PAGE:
June 21, 2016 – The San Francisco SPCA has launched a campaign to educate the public about the harm caused by prong collars. Prong collars are designed to inflict pain and discomfort and can cause serious physical, behavioral, and emotional damage.
“We continue to regularly see prong collars on dogs throughout San Francisco,” said Dr. Jennifer Scarlett, co-president at the San Francisco SPCA. “Most owners don’t want to hurt their dogs – they want to do the right thing. There’s a huge need for community education.”
The SF SPCA Veterinary Hospitals treat prong collar injuries, which range from skin irritation and punctures to spinal cord problems. Prongs can easily damage a dog’s delicate neck area. The protective layers of the skin on the under portion of a dog’s neck, where the prongs of the collar are designed to pinch, are 3x thinner than those of human skin.
Summer offers us more days with fun and games outside with our dogs, but it also brings added risks. A sudden noise can spook a dog into bolting over a fence. An unexpected encounter with another animal on a hiking trail can cause an off leash dog to take off.
Did you know fireworks set off on the 4th of July is the single biggest cause of lost dogs? The crowds and sudden noises, combined with distracted family can bring heartache if your dog suddenly gets away. Are you prepared?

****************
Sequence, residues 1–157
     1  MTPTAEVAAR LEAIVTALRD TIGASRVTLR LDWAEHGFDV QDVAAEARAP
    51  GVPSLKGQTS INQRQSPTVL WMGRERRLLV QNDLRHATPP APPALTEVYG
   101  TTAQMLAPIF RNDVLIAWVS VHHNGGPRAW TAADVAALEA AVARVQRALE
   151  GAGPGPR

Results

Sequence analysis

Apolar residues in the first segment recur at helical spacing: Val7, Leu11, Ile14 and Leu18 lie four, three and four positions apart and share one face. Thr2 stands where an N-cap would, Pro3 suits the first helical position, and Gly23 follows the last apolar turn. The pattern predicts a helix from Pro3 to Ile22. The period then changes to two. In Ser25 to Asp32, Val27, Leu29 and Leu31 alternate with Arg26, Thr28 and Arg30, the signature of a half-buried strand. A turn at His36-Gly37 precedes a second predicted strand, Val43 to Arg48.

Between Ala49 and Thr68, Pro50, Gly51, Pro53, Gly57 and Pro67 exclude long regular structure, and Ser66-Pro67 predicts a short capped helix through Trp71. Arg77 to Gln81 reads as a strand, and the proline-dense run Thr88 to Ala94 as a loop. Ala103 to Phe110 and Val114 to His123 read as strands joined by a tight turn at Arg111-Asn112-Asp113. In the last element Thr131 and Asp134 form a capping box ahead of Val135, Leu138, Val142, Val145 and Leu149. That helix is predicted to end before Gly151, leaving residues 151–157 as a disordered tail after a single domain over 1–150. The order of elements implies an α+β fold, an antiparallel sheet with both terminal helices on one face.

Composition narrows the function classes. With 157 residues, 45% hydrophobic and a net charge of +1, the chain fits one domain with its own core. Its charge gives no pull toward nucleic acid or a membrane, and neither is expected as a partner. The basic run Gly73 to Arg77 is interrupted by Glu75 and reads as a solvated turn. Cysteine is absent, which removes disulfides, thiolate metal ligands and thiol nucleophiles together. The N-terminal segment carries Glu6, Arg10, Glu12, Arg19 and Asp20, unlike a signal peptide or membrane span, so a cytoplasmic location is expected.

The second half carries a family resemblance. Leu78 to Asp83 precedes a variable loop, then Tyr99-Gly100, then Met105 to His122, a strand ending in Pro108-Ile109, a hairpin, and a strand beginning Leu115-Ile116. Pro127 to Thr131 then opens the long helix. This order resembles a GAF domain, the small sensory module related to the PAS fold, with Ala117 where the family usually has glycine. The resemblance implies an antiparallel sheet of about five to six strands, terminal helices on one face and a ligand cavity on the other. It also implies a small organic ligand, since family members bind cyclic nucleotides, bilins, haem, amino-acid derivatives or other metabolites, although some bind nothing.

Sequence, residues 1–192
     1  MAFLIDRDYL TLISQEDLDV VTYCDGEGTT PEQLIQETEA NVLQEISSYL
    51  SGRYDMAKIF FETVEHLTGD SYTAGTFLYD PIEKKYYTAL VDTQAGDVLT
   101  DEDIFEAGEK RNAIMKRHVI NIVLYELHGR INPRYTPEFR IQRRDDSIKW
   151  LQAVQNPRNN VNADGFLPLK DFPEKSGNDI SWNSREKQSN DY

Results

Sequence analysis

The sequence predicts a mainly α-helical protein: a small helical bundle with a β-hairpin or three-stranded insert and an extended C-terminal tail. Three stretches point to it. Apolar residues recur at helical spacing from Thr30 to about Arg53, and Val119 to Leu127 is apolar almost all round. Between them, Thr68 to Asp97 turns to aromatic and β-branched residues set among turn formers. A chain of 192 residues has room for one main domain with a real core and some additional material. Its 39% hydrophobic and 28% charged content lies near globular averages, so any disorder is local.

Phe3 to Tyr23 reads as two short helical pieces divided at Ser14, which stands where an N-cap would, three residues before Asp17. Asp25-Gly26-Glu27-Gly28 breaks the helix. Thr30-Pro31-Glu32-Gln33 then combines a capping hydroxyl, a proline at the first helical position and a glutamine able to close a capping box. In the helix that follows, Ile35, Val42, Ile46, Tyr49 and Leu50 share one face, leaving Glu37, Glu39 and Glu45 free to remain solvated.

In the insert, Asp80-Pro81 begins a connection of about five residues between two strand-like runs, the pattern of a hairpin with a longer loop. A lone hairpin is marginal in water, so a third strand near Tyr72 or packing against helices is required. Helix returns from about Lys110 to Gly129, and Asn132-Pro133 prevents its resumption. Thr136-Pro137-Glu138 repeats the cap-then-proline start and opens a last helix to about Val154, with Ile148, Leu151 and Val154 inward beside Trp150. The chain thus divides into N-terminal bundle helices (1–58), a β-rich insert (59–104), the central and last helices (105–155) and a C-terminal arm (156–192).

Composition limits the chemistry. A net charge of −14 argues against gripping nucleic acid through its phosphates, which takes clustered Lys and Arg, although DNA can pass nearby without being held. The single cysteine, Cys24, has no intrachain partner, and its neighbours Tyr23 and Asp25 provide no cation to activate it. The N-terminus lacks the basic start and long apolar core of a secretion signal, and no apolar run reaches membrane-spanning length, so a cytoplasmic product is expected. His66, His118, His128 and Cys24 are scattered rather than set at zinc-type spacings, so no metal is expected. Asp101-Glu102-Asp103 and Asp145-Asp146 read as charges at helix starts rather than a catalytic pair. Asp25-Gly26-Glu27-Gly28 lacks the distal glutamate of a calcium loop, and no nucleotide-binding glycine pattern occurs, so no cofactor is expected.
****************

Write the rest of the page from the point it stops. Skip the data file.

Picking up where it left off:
The ASPCA is trying to help keep your furry loved ones safe with ID YOUR PET DAY, and these tips:
· A personalized ID tag is the best way to increase the likelihood your pet returning home. Make sure your pet is fitted with a collar and ID tag that includes your name and phone number.
· Implanted microchips can serve as an important security measure to ensure that a pet is returned home in the case of a lost collar and ID tag.
· Download the ASPCA Pet Safety App to access personalized instructions on how to search for a lost animal in a variety of circumstances: ASPCAapp.org.
Military veterans need our support. Homeless dogs need our compassion. An Arkansas veterinarian is using his experience and position to help both.